Frame type (gender)

Men’s bicycles tend to be more collectible and sought after, and therefore more valuable, than women’s.

“This is simply because there are more men collectors and far fewer men’s bikes since boys tended to beat up their bicycles,” says Langley.

Age, rarity, and original features

Rarity and age are major drivers of value. Bicycles with all-original parts are more valuable than those with replacement parts, as are those with unique and deluxe features.

“It must be an older bicycle, or a rare bicycle, or have many bells and whistles,” says Tammy Haley, secretary of the Hoosier Antique and Classic Bicycle Club. “The more original, the more valuable.”

Masi GC 1974 restored bicycleMasi GC 1974 restored. Source: Jim Langley

Reproductions have relatively little value, but it can be difficult to spot the difference.

“You need to know a fair bit about bicycles to recognize a real collector-level bicycle,” says Langley. “Beginners are easily fooled by a bike that looks old, and there are lots of reproduction models that have little value and are of nowhere near the quality of the original bike.”

The color of the bicycle has little impact on value, since color is a personal preference, says Wallace.

Historical significance

Bikes with historical significance, such as the Diamond Jim bicycles, can be valuable. Celebrity status can also enhance a bicycle’s value; for example, bicycles that were part of the Robin Williams collection. Bikes that were owned by well-known riders are likewise valuable.

“The value of a bicycle can be significantly increased if it was ridden by a famous rider, such as Fausto Coppi or Eddy Merckx or a top rider in the Tour de France,” says Wallace. “This can be impacted by the nationality of the purchaser. For example, a Tour-ridden bike by Greg LeMond would most likely sell for more to a U.S. buyer than a European buyer.”

Victor highwheel bicycleVictor highwheel bicycle. Source: Jim Langley

Wallace added that Japanese buyers, in general, will often pay more for vintage bicycles than American buyers, due to the hobby’s popularity in Japan.


Condition has significant impact on vintage bicycle values.

“Most collectors use a one-to-ten system, with one a ‘barn find’ and ten being a mint original,” says Haley.

That doesn’t mean a barn find can’t be valuable.

“Bicycles are vehicles and vehicles get in accidents. If a bike has been crashed and bent, it can render an otherwise valuable bike almost worthless,” says Langley. “What you hope to find is what collectors would call a ‘barn find,’ which means a complete original antique vintage bicycle that someone put away in a basement, garage, attic, or barn years ago and forgot about. It would have its original paint, plating, and decals, and all the parts would be there.”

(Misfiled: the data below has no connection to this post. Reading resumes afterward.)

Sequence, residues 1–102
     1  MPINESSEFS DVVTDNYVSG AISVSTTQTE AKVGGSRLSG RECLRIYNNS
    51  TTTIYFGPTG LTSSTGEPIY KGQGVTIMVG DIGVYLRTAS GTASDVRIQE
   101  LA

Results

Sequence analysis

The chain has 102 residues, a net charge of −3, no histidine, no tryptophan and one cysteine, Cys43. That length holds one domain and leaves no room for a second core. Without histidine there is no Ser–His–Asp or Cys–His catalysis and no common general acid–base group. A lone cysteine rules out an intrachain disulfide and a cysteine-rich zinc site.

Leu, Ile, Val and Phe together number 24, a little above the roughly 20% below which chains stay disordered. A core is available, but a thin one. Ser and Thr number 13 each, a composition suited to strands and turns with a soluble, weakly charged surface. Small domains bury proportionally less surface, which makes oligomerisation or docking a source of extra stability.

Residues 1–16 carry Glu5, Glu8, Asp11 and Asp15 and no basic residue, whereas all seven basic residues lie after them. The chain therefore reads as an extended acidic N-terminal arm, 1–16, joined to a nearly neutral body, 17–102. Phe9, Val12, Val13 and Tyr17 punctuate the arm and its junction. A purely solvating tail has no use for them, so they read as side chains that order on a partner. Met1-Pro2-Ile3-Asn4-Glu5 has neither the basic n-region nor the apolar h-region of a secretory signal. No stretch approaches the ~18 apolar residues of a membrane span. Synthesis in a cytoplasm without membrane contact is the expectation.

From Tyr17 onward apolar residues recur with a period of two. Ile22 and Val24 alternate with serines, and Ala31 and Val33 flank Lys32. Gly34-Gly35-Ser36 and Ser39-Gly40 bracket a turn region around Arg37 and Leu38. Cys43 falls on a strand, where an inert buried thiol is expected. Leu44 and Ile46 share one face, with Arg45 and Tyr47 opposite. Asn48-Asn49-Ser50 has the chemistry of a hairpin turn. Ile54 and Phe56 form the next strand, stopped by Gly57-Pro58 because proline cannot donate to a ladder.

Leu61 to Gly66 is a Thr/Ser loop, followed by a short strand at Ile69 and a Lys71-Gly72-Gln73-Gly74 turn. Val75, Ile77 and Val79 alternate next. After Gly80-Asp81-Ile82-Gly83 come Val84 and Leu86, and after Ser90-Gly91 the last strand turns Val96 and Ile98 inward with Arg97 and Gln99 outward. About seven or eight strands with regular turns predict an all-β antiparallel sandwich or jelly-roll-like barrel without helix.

Bruce Gordon vintage bicycle1983 Bruce Gordon (USA) with Suntour Superbe Pro components and Scott-Matthauser Superbrakes. Source: Ken Wallace

The vintage aspect of a bicycle is integral to its value, and collectors expect some imperfections.

“If a bike needs to be repainted, unless it is very rare it may well cost more for new paint and decals than it is worth,” says Wallace. “The older the bike, the more paint issues you would expect, and some collectors – I’m one – like honest patina.”

Restoration might even cause a vintage bicycle to lose value. “A perfectly restored bicycle may not be as valuable as the same bike with some scratches in original condition, unrestored,” says Haley.

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How to find the value of your vintage bicycle

“The best way for a newbie to figure it out is to take pictures and contact an expert such as myself, or find an auctioneer like the nice folks at the Copake Auction House in New York,” says Langley. “Most people need help from an expert, the same they would if they found a Steiff teddy bear in a trashcan. The expert can look at the bike and straight away see what parts are missing, what’s been changed on the bike, etc., and these things greatly affect value.”

Haley recommends asking bicycle clubs and bicycle shops if they’ll assist with identifying the value of your bike.

Horace Bates vintage bicycleEarly 1940’s Horace Bates (British) with Diadrant forks and specially drawn Reynolds 531 Cantiflex tubing; Sturmey-Archey FM 4-speed hub. Source: Ken Wallace

If you don’t have access to an expert or you’re just trying to get an idea of what your bike might be worth, you can consult online resources – just make sure to check the right ones.